ALMOST 200 displaced employees who have not been reporting for duty after the forcible takeover of Ocean Adventure and Camayan Beach Resort & Hotel received financial assistance equivalent to their full salaries on Sunday (5 March) afternoon from the management that has been eased out of the company’s premises.
“What we did today is the least management could do,” said Arthur D. Tai, president and chief executive officer (CEO) of Subic Bay Marine Exploratorium, Inc. (SBMEI), owner and operator of Ocean Adventure and Camayan Resort & Hotel.
Scott N. Sharpe, a disgruntled SBMEI stockholder, led a group that stormed the facilities on the night of Feb. 13, 2017, with armed elements of the PNP Special Action Forces (SAF), Morong, Bataan policemen and personnel of a non-SBMA accredited security agency.
Sharpe’s group has since been occupying and operating the marine theme park. He claims that a meeting of the “majority” stockholders has elected him to replace Tai and Board of Directors Chairman Dr. Robert C. Braun.
SBMA Administrator Wilma T. Eisma has condemned the takeover saying “The actions taken by the new management headed by Mr. Scott Sharpe were clearly not in accordance with proper and lawful procedures strictly enforced in the Freeport.”
In what appeared as a happy reunion, the employees received their salaries in envelopes from several tables laid one after the other at the former Mini Golf Course grounds beside Bldg. 229, main office of the Subic Bay Metropolitan Authority (SBMA). Tai gamely obliged to requests for selfies and group picture-taking by the displaced employees.
“Despite the illegal occupation of Ocean Adventure & Camayan by the group of Sharpe, we are happy that Mr. Tai remains sincerely concerned about our welfare as employees, including that of our families,” Archie Asio, 36, who has been with the company for over 14 years, told Subic Bay News.
The employees said they have not been reporting for duty either because they refuse to recognize the authority of Sharpe, or they are being harassed, while some said they cannot work with people brought in by Sharpe which include workers dismissed for cause in the past for anomalous or irregular transactions.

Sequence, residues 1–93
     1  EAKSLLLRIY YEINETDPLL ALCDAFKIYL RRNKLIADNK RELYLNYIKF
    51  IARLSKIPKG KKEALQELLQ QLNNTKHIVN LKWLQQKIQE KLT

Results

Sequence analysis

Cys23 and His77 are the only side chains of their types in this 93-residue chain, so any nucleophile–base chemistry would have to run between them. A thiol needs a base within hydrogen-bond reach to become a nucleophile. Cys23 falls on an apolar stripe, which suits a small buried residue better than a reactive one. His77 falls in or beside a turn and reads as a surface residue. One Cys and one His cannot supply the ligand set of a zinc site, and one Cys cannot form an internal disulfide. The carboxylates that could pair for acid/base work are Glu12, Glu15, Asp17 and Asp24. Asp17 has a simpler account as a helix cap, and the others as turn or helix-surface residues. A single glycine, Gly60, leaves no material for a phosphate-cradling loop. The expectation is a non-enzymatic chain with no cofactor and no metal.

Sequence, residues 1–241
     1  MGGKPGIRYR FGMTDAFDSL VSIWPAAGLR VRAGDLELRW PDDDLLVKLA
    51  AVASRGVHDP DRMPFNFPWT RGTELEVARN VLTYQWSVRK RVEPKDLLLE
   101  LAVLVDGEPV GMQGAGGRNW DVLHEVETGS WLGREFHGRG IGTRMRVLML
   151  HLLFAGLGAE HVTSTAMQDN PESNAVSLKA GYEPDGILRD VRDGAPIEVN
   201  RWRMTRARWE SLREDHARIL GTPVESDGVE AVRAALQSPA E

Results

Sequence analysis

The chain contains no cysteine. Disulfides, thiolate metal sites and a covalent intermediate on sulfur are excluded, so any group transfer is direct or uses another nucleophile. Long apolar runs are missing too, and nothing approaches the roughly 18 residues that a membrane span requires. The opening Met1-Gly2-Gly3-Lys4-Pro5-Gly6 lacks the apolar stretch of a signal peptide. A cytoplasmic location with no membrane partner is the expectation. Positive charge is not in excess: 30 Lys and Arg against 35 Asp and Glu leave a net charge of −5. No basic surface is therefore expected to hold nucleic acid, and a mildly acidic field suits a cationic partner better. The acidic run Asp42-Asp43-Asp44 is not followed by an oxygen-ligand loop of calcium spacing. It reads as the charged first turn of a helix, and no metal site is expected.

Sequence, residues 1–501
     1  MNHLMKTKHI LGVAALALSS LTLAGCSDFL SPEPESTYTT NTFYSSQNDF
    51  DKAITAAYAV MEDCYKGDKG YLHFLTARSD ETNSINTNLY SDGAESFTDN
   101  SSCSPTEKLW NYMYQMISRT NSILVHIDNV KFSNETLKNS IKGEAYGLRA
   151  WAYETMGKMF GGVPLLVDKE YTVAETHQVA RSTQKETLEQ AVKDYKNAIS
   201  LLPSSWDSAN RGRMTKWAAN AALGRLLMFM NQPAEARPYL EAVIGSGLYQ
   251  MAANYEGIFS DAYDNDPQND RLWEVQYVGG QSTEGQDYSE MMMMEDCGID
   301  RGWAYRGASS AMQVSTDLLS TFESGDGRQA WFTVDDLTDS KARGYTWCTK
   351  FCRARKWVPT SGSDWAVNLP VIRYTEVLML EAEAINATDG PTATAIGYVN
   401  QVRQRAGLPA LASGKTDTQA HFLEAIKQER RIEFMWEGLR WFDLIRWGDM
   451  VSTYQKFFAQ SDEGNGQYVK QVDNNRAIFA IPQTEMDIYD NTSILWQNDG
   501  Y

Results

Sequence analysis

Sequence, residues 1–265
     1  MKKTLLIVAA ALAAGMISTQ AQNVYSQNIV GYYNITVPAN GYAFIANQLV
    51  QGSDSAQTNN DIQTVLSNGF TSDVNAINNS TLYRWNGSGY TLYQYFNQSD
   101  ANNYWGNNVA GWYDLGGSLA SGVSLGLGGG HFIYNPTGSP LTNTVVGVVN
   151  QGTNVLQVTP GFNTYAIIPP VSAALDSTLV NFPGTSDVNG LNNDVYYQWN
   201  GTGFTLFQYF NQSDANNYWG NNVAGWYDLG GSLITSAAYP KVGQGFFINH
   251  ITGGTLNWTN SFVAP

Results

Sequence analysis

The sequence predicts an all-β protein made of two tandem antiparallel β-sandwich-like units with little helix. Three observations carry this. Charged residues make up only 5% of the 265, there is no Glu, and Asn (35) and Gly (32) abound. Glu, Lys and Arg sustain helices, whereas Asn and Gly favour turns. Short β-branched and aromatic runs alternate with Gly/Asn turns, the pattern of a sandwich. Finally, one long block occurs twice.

“Paano po tayo magkakaroon ng magandang pamunuaan kung iyong mga taong naroon ngayon ay alam natin na talagang tinanggal ng dating pamunuan dahil sa iba’t-ibang kaso,” Romeo Fonseca, 56, assistant manager at the Maintenance Dept. who has been with the company for over 13 years said, naming a few.
Tai and Sharpe’s group are locked in a dispute over the Voting Trust Agreement (VTA) that has reached an Olongapo City Regional Trial Court (RTC) that, saying it has no jurisdiction over the matter, dismissed the case for lack of merit.
However, Tai said that Sharpe’s group, despite having physical control of Ocean Adventure and Camayan at the moment, remains to have no access to company funds because the banks do not recognize his “illegal” takeover.
While the displaced employees are able to receive salaries, those working for Sharpe reportedly received partial or no salary at all, presently relying merely on funds from the day to day operations of the theme park.
“Mr. Sharpe wrongly claimed that the court decided in his favor in direct contravention of the real truth that the court decision was not in anyone’s favor,” Tai said.
Sharpe has claimed that his group’s actions were backed by a Court Order but to date, however, he has failed to come up with a copy. Sources at the Olongapo RTC confirmed that, contrary to Sharpe’s claim, there is no Court Order to takeover Ocean Adventure and Camayan Resort & Hotel.
Tai gained majority control of SBMEI by virtue of the VTA between him and Sharpe’s group which the latter revoked last year, a violation of the agreement, he said, because it provided that the VTA cannot be revoked earlier than 5 years, except for cause.
According to Tai, the revocation is invalid since there is no cause to revoke considering that in his over two years of stewardship, he turned the company from a bleeder into a profitable business, several-fold.
“When the company started to perform well under my administration, it seems they had a change of heart to get their hands on the company’s money,” Tai said, “SBMEI now has some P120 M in the bank earmarked for upgrade and expansion of facilities,” he added.
“In consideration of the company and the employees, I would rather have us settle the VTA issue between us, the trustee and trustors, and let the company operate and conduct business normally, as usual,” Tai said, “unfortunately, they have other things in mind.”
Tai vowed to pursue the matter in a lawful manner. “We will not do it (retake the facility) the way they did. We will not do it at night or under the cover of darkness,” he said, ‘we will do it with respect to the rule of law. It may take a while this way but we will not be like them. That is why I ask for your patience,” Tai appealed to the displaced employees.
Tai said he and other members of the SBMEI Board are conducting meetings, discussing, among others, the current situation at the company’s marine theme park.
Additional messages sent by Subic Bay News to the camp of Sharpe for further comments and/or reactions have not been answered as of this writing. -30-
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